Thanksgiving this year fell on the 49th anniversary of JFK’s assassination. I was just 20, married only 9 months, and my husband and I spent the weekend glued to the TV in our tiny apartment, weeping. That and the September 11th attacks on the World Trade Center are my only two “never forget where I was when I heard” moments.
|By: masaccio Sunday June 10, 2012 10:45 am|
Actively helping people is fun. Coping with power structures directly isn’t.
|By: Peterr Saturday February 18, 2012 9:00 am|
Catholic Bishops who want the government to do what their own preaching cannot, Lutherans and Episcopalians who disagree with the Catholic bishops, and Virginia Republicans who give new meaning to the term “statutory rape.”
And you thought birth control was a settled issue.
|By: Dahlia Lithwick Sunday July 10, 2011 1:59 pm|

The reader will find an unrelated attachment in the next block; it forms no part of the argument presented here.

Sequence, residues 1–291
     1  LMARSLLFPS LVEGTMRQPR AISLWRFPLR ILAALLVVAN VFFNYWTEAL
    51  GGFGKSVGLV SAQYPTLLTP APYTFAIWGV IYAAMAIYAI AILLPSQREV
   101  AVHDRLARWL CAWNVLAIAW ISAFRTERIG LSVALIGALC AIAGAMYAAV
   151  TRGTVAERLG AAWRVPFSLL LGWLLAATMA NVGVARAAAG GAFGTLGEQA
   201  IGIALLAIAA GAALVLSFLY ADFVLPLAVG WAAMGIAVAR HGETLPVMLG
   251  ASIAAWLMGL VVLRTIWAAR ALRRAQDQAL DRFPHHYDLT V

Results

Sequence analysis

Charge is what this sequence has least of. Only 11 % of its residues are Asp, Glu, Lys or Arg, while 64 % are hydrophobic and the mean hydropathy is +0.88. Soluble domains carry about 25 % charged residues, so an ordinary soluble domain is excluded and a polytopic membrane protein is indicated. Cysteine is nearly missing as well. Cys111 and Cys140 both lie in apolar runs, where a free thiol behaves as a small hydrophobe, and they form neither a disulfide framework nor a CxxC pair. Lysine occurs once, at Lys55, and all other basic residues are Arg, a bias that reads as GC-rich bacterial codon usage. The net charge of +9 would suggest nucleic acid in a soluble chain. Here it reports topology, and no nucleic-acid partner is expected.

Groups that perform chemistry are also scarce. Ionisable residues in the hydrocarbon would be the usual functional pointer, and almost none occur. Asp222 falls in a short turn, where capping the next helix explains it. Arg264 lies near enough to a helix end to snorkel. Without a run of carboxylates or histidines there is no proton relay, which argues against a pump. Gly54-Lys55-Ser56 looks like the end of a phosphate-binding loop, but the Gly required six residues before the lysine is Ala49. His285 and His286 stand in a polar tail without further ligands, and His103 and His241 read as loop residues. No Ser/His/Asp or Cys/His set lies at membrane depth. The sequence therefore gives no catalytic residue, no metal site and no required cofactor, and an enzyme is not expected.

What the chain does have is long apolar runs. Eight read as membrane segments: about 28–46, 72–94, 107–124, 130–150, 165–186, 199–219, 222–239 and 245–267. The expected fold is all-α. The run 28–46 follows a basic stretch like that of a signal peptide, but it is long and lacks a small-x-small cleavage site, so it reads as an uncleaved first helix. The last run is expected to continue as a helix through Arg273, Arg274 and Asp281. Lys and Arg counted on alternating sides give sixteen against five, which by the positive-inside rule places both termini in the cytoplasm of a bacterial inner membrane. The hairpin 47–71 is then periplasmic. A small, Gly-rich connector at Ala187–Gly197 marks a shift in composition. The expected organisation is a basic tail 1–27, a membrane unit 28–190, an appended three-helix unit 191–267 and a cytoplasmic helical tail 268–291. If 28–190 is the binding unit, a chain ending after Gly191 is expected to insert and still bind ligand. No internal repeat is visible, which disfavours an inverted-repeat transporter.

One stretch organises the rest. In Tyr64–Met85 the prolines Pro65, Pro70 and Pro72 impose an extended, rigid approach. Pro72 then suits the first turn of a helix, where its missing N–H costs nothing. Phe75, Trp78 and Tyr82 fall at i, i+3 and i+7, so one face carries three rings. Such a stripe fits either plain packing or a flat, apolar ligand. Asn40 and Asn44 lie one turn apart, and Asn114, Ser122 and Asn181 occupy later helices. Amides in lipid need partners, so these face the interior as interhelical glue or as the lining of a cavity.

Just a few years ago, the national debate over the prison camp at Guantanamo Bay, indefinite detention, secret renditions and other legal elements of the Bush Administration’s “War on Terror” happened openly in American courtrooms and in the daily newspapers. Increasingly, those debates have receded into the rearview mirror as we content ourselves with the illusion that these issues are no longer urgent, or no longer affect us. In his thoughtful new book, Habeas Corpus After 9/11, Professor Jonathan Hafetz of Seton Hall University School of Law, reminds us that these and other legal innovations in the War on Terror are neither resolved, nor isolated, nor benign. We are still living in the legal universe that was constructed on the fly after 9/11. We just don’t want to admit it.